NGOs claim that regulators increase the usage of grouping to evade ‘regrettable substitutions’.

CHEM Trust is publishing the report on the exchange of bisphenol A (BPA) using bisphenol S (BPS). BPA relates to a large body of toxicological data and uses data for identifying hazards and implements regulatory risk management measures. Hence, the action is leading companies to change BPA with BPS, which is similar and has the same toxicological profiles. Thus the lawfulness is tough to control as BPS associates to a small body of toxicological data.

Thus, the EU responds by asking registrants to increase the body of data for resolution of risk assessment, self-determining BPA. In the report, CHEM Trust argues for the wrong approach and at the outset, where the EU addresses bisphenols as a group.

CHEM Trust senior policy advisor, Ninja Reineke claims that chemical regulates the easy thing for companies to change the chemical.

EU Discussion

Some of the regulators are supporting the idea of the use of grouping.

Echa is focusing on the report, Strategy to encourage an alternative to safe chemicals with the invention, notes the alternative of SVHCs by the appropriate substitutes.

As per the report, Echa and member states works on groups of substances instead of taking action on separate ones. Whereas Echa starts to use the early stages of assessment like identification and screening of substances to avoid unfortunate substitution.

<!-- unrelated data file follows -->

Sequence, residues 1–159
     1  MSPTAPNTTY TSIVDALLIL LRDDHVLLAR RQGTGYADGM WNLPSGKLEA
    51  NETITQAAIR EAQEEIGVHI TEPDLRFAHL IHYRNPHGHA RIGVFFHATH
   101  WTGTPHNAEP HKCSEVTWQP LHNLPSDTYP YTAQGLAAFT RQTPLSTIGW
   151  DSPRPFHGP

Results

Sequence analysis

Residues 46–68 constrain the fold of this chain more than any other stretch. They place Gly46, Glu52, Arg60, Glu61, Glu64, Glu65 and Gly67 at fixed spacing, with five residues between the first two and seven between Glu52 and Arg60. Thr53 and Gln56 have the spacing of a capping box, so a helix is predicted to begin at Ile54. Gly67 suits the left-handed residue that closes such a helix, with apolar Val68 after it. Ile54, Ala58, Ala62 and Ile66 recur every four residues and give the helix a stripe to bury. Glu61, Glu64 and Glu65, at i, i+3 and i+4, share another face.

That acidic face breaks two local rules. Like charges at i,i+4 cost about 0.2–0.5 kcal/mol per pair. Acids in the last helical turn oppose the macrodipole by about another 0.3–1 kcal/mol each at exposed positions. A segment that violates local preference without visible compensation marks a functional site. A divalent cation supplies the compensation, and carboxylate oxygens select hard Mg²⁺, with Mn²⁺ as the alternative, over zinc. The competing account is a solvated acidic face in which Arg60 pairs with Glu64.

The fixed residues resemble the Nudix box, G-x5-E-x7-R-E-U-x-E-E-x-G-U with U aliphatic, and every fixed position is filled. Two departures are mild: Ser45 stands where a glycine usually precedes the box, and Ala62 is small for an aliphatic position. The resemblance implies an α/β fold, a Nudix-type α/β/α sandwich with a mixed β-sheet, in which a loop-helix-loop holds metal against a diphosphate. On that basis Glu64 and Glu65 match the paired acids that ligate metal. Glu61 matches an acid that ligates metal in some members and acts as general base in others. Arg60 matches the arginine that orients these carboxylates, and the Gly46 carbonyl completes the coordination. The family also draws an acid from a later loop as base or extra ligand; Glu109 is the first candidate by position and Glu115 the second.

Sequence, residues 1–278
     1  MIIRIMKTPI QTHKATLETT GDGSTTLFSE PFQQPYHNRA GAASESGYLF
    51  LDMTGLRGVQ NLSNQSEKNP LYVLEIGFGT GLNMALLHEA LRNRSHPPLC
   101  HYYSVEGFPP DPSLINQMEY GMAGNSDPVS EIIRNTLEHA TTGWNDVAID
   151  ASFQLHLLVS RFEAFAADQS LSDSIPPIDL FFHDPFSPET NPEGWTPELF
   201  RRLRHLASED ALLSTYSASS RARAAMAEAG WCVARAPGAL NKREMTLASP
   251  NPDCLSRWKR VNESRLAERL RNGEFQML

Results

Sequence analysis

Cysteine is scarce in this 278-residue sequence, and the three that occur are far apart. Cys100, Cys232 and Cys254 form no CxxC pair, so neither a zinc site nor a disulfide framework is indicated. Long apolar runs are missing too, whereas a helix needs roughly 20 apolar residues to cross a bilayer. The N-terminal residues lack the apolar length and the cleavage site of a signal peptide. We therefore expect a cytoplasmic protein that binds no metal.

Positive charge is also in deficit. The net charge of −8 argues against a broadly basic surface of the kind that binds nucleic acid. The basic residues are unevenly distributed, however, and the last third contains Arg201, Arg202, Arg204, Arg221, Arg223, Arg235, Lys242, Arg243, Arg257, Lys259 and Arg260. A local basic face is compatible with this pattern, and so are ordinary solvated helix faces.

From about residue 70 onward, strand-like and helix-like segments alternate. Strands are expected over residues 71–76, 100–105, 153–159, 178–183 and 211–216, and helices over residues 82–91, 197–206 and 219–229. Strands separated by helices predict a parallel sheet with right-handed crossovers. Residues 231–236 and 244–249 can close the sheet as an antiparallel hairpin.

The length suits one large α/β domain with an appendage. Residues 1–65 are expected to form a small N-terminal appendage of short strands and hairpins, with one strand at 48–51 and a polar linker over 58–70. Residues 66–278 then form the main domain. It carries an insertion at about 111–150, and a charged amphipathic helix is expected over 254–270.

Hence, a series of pilot studies are running by Echa concludes the approach to report chemicals to fasten the substance evaluation procedure.

However, Echa claims mentioning substances in groups, increase collaboration within authorities and initiate communication with registrants seen as useful elements. Thus, it does not recommend the validation of aspects in the procedure.

Although, Norway known for use of a grouping of substances for restriction cases comments submitting to discussion on REACH review action.


Various NGOs, the state government is making arguments in relation to poly and perfluoroalkyl substances, risks the use of EPA.

As per chemical registries and patient filings, PFASs are using where agency appears to approach each one distinctly.

For instance, EPA prints hazard assessments of PFBS and GenX compounds for the public consultation.

However, the Environmental Working Group describes the single chemical by an approach to assess toxicity and regulations for PFASs.

Thus, an organization claims that treating PFAS chemicals is effectively safeguarding public health.

However, the grouping will stop the chemical industry for transforming from one chemical to another without offering data.

The Pennsylvania departments recommend US EPA lineup PFAS efforts for addressing various PFAS compounds.